The Castro’s rich transit history

Cable cars on Castro? An ‘elevated’ railway at Harvey Milk Plaza? Four streetcar tracks on Market? It’s all part of the transit history in a San Francisco neighborhood that has truly seen it all over the years.

What the heck is a steam dummy?

That’s one, right there, on Market at Castro in the 1880s, looking north from where the Chevron station is now. The little box on the right, called the dummy, holds a steam engine and the operator. The trailer holds the passengers. They had to dynamite the hill next to where the Mint stands now, at Duboce Avenue, to cut Market through from downtown. The Market Street Cable Railway Co. ran this steam dummy for several years to connect with cable car service to the Ferry Building at Valencia Street. (A similar steam dummy ran on Market Street downtown for a few years starting in 1860 but the noise drove people nuts on the crowded street.  

The neighborhood cable cars built

No crowds in Eureka Valley (as The Castro was then called) back when the Market Street Cable Railway Company, owned by Southern Pacific interests, replaced the steam dummy in 1887 with a direct cable car line from the Ferry to Castro on Market, then over the hill on Castro to 26th Street in Noe Valley. The shot above, from the 1890s, looks along Market west of Noe toward Twin Peaks. The ornate building just left of the cable car is the site of the later Bank of America building (now occupied by Soulcycle). The Castro cable line completed the Market Street cable car network, with most of those routes surviving even today as large portions of Muni’s 5, 7, and 21 trolley bus lines, and the F-Market streetcar.

Each of the Market Street cable lines had different colored cars, so riders downtown could see their car from a distance. Castro cable cars were ivory (Valencia was blue, Haight red, McAllister yellow, Hayes green).

The coming of the cable car and its speedy (9mph) trip downtown brought a building boom along its route on outer Market and over the Castro Hill into Valley. Victorian row houses marched up the streets within walking distance of a car stop. More remote blocks atop Dolores Heights took decades longer to develop for lack of public transit.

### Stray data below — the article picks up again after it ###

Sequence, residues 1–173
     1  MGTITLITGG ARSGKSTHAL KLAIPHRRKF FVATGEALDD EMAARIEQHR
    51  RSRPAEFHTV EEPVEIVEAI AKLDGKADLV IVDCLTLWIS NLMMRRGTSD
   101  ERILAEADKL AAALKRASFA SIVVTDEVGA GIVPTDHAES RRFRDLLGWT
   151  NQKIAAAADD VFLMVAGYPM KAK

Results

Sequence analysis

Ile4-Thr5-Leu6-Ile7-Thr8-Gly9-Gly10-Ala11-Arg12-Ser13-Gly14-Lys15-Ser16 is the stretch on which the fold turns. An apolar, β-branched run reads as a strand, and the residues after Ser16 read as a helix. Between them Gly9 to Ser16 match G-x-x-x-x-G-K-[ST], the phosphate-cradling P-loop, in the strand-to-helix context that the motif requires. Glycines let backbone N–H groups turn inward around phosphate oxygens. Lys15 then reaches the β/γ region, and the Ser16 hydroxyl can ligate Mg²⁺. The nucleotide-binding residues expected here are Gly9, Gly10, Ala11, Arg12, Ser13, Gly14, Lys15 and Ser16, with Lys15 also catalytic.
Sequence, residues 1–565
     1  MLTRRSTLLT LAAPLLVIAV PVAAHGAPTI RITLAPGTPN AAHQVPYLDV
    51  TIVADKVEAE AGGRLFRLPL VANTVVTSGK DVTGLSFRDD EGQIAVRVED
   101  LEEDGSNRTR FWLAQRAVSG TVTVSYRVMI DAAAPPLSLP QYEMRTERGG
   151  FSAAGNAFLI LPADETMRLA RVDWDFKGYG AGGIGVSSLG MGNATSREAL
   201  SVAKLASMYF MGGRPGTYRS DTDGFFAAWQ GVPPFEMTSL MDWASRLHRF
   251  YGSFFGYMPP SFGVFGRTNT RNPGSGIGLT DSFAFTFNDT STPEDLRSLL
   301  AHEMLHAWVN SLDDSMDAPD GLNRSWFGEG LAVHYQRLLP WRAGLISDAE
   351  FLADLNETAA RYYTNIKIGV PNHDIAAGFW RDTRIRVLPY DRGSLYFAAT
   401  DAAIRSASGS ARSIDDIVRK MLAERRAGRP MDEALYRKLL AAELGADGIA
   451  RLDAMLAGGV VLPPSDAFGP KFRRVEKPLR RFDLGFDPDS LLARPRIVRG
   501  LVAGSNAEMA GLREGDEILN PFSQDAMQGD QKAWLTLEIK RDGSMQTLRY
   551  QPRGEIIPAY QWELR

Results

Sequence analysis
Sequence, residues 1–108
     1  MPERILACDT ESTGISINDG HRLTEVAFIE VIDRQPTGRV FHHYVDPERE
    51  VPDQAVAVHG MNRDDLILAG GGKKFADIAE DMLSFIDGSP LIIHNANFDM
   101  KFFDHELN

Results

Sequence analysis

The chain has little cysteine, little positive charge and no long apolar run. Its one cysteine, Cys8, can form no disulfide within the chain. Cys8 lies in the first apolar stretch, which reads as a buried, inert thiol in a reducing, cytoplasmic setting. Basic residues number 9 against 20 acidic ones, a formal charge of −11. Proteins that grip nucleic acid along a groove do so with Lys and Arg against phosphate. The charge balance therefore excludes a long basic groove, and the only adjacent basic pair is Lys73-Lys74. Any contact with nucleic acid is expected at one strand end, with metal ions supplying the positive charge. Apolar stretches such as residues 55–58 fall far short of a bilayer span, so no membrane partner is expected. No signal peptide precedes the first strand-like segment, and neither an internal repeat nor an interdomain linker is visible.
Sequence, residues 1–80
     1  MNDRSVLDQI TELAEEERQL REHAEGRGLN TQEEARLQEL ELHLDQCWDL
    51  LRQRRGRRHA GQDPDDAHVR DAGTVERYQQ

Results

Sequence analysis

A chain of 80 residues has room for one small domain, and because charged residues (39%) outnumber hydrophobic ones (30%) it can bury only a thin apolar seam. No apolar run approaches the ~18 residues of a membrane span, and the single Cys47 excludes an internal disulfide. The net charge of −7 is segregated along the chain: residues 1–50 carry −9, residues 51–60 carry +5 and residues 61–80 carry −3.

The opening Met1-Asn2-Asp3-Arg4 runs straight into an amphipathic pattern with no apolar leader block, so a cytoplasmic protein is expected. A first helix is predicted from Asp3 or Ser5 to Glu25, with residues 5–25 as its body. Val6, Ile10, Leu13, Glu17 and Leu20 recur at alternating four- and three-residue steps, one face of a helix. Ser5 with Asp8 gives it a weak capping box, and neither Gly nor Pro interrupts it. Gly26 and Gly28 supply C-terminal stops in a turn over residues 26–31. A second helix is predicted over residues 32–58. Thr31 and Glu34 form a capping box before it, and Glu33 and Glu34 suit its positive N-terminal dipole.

Electric streetcars take over

Streetcar 1588 and Streetcar 1590 on the 8 Line on Market Street East of 16th Street | December 5, 1917

The 1906 Earthquake ended an era for the Castro as well as the City. While the buildings of the neighborhood survived, the Market Street cable system was badly damaged. United Railroads (URR), by then the owner, had for years wanted to replace the cables on Market with faster electric streetcars, but had met resistance from those who considered overhead trolley wires to be unsightly. In the confusion following the earthquake, URR’s owners took a straightforward approach to get what they wanted. They bribed the entire Board of Supervisors. Within weeks, the wires were up on Market and streetcars reached the Castro, numbered as the 8-line. (The two cars above are on Market at 16th Street in 1917.) But from 18th Street south, the Castro hill was too steep for streetcars. So that portion of the cable line was left in place as a kind of shuttle.

Along Comes Muni

The obvious corruption surrounding the private transit operation, coupled with the arrival of the Progressive Era in San Francisco, brought forth the nation’s first major publicly owned transit system in 1912: the Municipal Railway. Muni’s first line went out Geary from Market along an old cable route, but bigger things were in the offing. The ambitious and capable city engineer, Michael M. O’Shaughnessy, encouraged by the peripatetic mayor, ‘Sunny Jim’ Rolph, laid plans for what was the biggest infrastructure project built in San Francisco to that time: a streetcar tunnel under Twin Peaks, to open up the distant sand dunes in the west to housing.

Where to start the tunnel? O’Shaughnessy felt there was only one logical spot: what was then the end of Market Street, at Castro. The Twin Peaks Tunnel opened in 1918, its east portal recessed into a little rise (adjoining what is now Harvey Milk Plaza) so that one day it could be connected to a subway under Market. The private United Railroads wouldn’t share its tracks on Market, so Muni built its own alongside, making four streetcar tracks running all the way up Market. (The 8-line tracks can be seen turning onto Castro in the 1935 photo above; more detail of the tunnel portal below.)

With the additional streetcar service from Muni, the neighborhood around Castro and Market prospered. The streetcars of the 8-line, by then owned by Market Street Railway (MSRy), successor to URR and namesake of our organization, competed with the K and (after 1923) L tunnel cars of the Muni. Together, they provided the largely working-class residents of Eureka Valley with some of the most convenient public transit in the City.